Introducing a serious non-specific symptoms pathway

Four localities (Sunderland, South Tees, South Tyneside and Newcastle) are piloting a ‘serious non-specific’ or vague symptoms service for patients who do not meet the current criteria for urgent referral to a specialist cancer pathway.

These patients often experience problems reaching a diagnosis and delays can occur if they are referred to more than one clinical specialty. The new pathway will offer access to a range of tests and a clinical assessment of the results will determine whether further cancer investigations are required. The aim is to reduce time to diagnosis for patients with malignancy, and to ensure that people who don’t need cancer services will not be referred to them.

This work will follow guidance and learning from the national ACE programme and be evaluated with a view to extending to other areas. For more information about ACE follow the link here: https://www.cancerresearchuk.org/health-professional/diagnosis/accelerate-coordinate-evaluate-ace-programme

Finding lung cancer early:

Lung cancer is the cause of the greatest number of excess deaths in our population. It is survivable if found early but can be difficult to detect and we are looking at new ways of finding early stage disease. Five areas (South Tyneside, South Tees, Sunderland, Gateshead and Newcastle) are trialling different models of early awareness and detection – from community-based work focussed on lung health to clinical case-finding among those at higher risk – e.g. people diagnosed with COPD and other serious respiratory conditions.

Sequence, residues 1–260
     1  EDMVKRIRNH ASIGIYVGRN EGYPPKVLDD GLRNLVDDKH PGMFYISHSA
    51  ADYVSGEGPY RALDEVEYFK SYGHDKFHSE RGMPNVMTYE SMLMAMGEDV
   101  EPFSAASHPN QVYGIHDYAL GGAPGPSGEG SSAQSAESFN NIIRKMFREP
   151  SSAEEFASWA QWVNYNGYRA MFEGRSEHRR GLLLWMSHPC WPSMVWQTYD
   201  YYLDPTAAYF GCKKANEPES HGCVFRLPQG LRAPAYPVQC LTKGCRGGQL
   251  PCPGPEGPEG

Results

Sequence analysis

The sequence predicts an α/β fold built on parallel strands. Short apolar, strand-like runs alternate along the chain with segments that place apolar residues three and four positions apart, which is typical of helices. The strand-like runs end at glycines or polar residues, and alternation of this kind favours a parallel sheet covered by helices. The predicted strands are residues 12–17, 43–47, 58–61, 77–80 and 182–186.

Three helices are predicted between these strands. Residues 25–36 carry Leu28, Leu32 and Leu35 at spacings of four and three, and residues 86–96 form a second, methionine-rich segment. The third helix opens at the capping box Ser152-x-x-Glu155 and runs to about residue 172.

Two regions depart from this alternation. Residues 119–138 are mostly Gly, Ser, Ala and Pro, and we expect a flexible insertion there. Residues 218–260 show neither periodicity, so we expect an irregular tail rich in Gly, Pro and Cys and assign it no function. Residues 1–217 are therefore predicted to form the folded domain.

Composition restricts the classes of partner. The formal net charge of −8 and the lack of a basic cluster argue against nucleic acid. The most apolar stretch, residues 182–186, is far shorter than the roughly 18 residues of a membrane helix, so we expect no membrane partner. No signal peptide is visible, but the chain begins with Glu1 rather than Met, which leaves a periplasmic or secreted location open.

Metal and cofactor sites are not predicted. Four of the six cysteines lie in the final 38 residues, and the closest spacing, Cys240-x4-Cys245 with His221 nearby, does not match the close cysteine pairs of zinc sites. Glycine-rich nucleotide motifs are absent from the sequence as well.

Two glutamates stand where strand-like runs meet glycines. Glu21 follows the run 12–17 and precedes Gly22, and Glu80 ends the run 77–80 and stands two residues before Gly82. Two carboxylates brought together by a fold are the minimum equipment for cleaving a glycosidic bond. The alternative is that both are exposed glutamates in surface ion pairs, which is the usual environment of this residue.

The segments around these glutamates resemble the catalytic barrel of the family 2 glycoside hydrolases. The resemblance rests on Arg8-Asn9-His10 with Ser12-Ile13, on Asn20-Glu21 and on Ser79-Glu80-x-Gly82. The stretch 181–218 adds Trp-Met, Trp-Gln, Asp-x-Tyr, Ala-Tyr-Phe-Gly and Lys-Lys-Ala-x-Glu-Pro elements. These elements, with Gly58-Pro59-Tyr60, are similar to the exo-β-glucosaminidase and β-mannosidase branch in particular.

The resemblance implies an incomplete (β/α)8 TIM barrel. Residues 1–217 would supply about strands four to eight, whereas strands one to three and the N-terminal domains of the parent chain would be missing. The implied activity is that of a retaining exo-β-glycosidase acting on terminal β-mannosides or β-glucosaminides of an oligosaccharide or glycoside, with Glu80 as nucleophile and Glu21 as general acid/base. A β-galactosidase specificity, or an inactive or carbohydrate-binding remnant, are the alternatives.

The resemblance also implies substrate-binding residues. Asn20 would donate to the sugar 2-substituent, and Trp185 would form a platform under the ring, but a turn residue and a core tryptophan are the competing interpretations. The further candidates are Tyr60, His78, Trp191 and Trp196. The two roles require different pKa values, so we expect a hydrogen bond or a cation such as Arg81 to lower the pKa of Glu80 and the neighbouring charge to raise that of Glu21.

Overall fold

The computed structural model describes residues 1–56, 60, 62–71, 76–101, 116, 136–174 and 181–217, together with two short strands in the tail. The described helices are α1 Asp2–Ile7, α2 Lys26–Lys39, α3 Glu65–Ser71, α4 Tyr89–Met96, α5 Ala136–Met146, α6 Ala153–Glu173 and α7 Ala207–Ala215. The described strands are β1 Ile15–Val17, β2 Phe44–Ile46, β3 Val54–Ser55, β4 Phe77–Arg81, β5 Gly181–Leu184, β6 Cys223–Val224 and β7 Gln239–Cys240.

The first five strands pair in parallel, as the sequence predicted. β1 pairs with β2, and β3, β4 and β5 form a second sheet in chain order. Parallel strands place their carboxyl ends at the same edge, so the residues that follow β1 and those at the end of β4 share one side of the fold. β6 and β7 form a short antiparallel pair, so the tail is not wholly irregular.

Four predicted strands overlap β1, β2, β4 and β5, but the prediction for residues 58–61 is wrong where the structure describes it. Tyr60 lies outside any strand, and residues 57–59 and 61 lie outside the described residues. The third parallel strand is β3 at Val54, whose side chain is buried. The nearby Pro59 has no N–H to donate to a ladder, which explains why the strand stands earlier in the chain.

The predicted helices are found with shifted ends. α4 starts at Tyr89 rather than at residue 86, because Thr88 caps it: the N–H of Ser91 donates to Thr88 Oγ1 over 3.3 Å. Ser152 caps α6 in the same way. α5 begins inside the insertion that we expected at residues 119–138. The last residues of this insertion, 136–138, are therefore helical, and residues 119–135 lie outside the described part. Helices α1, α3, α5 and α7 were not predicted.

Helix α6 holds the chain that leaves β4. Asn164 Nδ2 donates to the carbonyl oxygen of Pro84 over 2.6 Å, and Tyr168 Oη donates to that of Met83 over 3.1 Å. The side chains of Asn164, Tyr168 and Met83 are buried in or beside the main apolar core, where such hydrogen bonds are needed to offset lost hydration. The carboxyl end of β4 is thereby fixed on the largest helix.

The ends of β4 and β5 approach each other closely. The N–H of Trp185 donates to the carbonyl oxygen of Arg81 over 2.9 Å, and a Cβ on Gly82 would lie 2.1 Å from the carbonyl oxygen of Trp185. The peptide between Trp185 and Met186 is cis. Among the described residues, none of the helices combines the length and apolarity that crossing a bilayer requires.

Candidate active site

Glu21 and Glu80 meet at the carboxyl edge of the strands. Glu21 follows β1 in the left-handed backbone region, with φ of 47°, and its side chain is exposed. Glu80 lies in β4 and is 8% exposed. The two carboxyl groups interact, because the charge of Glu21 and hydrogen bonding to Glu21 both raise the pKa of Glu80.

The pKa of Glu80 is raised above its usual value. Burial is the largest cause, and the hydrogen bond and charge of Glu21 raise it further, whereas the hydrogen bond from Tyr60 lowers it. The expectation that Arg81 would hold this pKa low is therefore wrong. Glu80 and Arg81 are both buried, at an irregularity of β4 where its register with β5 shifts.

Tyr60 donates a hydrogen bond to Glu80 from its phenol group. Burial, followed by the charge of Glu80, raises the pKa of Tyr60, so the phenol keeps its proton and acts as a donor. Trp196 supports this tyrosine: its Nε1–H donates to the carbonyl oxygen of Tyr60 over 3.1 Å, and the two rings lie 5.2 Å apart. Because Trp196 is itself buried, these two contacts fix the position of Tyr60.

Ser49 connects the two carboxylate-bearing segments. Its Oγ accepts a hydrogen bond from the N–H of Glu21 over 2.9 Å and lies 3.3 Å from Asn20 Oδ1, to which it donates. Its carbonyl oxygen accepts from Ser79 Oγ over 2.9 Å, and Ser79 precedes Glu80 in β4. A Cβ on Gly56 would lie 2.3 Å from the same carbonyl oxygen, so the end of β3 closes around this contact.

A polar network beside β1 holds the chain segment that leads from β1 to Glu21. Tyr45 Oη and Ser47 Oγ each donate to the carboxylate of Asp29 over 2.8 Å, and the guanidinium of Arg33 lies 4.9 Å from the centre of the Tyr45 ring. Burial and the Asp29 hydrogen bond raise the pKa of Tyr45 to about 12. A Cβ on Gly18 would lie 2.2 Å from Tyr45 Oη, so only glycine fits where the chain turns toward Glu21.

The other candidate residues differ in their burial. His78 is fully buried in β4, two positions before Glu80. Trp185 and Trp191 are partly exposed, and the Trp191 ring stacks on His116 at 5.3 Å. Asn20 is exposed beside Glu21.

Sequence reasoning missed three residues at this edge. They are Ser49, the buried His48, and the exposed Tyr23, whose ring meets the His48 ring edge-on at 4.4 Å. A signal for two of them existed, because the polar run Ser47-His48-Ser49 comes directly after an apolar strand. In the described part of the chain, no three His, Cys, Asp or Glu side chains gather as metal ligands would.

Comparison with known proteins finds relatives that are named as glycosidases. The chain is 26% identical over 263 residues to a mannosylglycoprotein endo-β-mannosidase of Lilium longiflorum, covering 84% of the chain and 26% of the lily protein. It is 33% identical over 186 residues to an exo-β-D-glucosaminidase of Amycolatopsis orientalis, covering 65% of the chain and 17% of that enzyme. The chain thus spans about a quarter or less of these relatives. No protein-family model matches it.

The case-finding projects aim to offer low-dose CT scans to those meeting higher risk criteria and following up with second scans and urgent referral where necessary. Clearly it is important for patients to attend annual reviews, which is where clinical assessment for entry into these pilot trials will take place.